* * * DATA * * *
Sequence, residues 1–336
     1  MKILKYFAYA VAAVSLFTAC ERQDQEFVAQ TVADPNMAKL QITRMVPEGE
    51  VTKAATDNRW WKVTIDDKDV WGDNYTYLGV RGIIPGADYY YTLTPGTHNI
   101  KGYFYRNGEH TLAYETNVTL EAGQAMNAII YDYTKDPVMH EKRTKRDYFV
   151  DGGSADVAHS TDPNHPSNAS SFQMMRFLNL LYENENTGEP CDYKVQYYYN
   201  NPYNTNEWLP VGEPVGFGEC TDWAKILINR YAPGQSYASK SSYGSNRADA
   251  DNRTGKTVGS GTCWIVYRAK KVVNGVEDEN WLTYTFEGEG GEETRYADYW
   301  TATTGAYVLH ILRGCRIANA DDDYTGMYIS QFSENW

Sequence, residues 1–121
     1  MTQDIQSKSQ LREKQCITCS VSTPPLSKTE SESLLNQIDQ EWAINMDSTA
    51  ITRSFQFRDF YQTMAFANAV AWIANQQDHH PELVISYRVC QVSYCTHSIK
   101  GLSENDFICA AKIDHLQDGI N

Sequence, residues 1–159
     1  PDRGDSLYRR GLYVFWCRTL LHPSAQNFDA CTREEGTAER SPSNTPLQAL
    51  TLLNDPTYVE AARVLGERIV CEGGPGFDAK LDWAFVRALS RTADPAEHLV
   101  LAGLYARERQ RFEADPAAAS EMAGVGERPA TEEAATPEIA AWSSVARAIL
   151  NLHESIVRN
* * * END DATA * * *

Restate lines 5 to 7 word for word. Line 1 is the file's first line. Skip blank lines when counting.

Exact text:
   151  DGGSADVAHS TDPNHPSNAS SFQMMRFLNL LYENENTGEP CDYKVQYYYN
   201  NPYNTNEWLP VGEPVGFGEC TDWAKILINR YAPGQSYASK SSYGSNRADA
   251  DNRTGKTVGS GTCWIVYRAK KVVNGVEDEN WLTYTFEGEG GEETRYADYW